Two well contested divions of trotters in the North American Amateur Drivers Association went to post at Yonkers Raceway prior to the betting card getting underway Thursday and when the dust had settled Dave Glasser and Shane Darish each were victorious in their respective divisions. Glasser won with Sir Siro in a time of 2:00.4 while Darish was triumphant with Alaric in 2:02.4. In their event Glasser had Sir Siro in a pocket behind the pace-setter, Tagmaster driven by Bob Hechkoff and he was content to follow the leader. Paul Minore was the first to attack when he moved Wygant Prince out to challenge the leader near the half-way point and they made a run all the way to the top of the stretch. Meanwhile Glasser was sitting chilly and in the lane he fed Sir Siro racetrack and the veteran trotter zipped by Tagmaster and then held off a late charge from Rev It Now and Hannah Miller to score a length victory in 2:00.4. Tagmaster held on for third money. Wygant Prince faded and finished fourth. Sir Siro is trained by Danny Gill for the Blue Forest Stable. In the other trot, Frank Darish's grandson, Shane Darish, sent Alaric to the lead from the two- hole but when Chuckie B and Alan Schwartz came calling he allowed them to take command as the two approached the firststanza. However, no sooner had Schwartz moved his trotter down along the pylons than Darish was out and retook the lead. From there Alaric went on to a two length triumph over Rompaway Alvin and driver Dave Yarock. Jimmer and Bob Davis took home the show dough in that one. Alaric is owned and trained by Johnny Kolkowski. The Yonkers trots were the final leg of this year NAADA Fall Series. The top eight drivers with the most points in the series will battle on Thursday, November 6 for a $14,000 purse. Should the next eight in points enter there will be a $5000 consolation at Freehold Raceway on November 7. Those who earned a berth in the finale and their points in the series are as follows: Bob Hechkoff (37), Hannah Miller (36), Kelly Walker (25), Bob Davis (21), Dave Yarock (21), Shane Darish (20), Bobby Krivelin (16) and Paul Minore (15). Dave Glasser with 14 points, and Matt Zuccarello with 12 points, are the also eligibles.  by John Manzi, for the North American Amateur Drivers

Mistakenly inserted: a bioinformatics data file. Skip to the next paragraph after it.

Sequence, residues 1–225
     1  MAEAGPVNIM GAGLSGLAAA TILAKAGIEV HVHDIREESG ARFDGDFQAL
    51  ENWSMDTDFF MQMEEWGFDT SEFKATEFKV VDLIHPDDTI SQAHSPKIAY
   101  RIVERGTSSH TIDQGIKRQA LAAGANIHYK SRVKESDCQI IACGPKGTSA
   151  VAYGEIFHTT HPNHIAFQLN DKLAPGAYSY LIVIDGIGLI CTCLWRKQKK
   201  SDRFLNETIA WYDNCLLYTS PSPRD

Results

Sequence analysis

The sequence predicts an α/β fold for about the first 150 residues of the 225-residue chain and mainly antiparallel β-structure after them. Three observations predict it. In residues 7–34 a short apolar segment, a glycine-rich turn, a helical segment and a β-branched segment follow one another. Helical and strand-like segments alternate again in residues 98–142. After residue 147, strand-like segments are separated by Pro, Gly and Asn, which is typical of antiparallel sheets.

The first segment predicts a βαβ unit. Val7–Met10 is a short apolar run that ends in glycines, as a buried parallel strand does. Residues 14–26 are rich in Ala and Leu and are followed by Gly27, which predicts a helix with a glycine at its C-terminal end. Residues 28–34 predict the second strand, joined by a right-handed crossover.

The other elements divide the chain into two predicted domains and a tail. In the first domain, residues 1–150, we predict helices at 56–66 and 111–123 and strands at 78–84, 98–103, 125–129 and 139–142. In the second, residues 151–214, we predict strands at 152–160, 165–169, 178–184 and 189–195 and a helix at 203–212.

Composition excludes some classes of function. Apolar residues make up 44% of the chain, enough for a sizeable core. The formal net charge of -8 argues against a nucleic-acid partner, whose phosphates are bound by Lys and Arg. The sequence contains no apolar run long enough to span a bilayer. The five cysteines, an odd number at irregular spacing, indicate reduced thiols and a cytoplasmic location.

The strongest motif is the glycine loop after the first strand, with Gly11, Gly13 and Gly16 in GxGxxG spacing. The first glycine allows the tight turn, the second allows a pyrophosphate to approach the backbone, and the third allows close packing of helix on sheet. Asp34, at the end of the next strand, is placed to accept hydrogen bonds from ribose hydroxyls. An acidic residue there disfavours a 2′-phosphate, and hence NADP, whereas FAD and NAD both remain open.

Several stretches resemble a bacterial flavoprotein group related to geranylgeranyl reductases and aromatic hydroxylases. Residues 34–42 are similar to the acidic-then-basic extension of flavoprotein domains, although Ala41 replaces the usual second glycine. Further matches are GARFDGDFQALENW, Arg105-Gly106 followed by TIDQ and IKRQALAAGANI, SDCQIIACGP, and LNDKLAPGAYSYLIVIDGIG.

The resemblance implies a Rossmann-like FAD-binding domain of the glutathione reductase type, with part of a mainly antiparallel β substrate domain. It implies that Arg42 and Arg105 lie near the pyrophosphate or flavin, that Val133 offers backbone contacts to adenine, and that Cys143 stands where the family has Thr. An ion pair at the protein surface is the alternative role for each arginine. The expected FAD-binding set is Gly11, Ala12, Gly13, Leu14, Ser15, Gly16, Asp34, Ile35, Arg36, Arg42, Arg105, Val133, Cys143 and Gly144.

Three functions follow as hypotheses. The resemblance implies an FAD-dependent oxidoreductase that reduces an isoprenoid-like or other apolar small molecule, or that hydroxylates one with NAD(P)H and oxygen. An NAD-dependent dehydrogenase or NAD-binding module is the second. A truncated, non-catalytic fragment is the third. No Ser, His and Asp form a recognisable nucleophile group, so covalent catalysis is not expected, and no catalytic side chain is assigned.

When Joe Faraldo, president of the North American Amateur Drivers Association, asked his members if they would be willing to race at a distance of one and quarter miles on Thursday (Oct. 16) in the NAADA Fall Trotting Series leg at Yonkers Raceway he got a positive response from everyone. "I told them that I was asked by management to race at one and one-quarter miles because with the upcoming global simulcasts to France they wanted to test the tele-timers and charted lines and the overall integrity of the tele-timer systems," Faraldo related. "And by all measures everything seemed to be spot-on." The first of the two non-wagering NAADA trots on Thursday saw Hannah Miller get a two-hole trip from the get-go with Rev It Now and then when the field turned for home, rally the veteran trotter to a two-length victory over Alaric and driver Shane Darish in a time of 2:32.4 for the 1-1/4 mile contest. Third place went to Rompaway Alvin with Dave Yarock at the controls. For the pretty 22-year old lass it was her fifth winning drive in nine seasonal starts. Rev It Now is owned by Nick Surick, Hannah Miller and the Erv Miller Stable, and trained by Nick Surick. In the second NAADA trot Kelly Walker used the same game plan as Hannah Miller when he had Rush N Supreme in the two-hole behind Tagmaster (Bob Hechkoff) until mid-stretch and then trot by the pace-setter to score a 2-1/4 length victory in a time of 2:31.4. Wygant Prince and Bob Davis also passed Tagmaster in the lane to garner second money. Hechkoff's trotter did, however, take home the show dough. Rush N Supreme, a 10 year old altered son of SJ's Caviar, trained by Bob Baggitt, Jr. is owned by his driver. "Many of the drivers told me after the race that they enjoyed racing over the longer distance," said Faraldo, who himself was a participant in the second NAADA trot.(He finished fourth with Permanent Joy) Faraldo, a lawyer by trade is also in president of the SOA of NY, and he and his organization have been working hand and hand with Tim Rooney and Yonkers management in making the Global simulcasts to France come to fruition. The global simulcasts will begin on Nov. 9 and continue Sundays through Dec. 14. However, to accommodate the anticipated European bettors, Yonkers Sunday post times will be at 11AM. by John Manzi, for the North American Amateur Drivers Association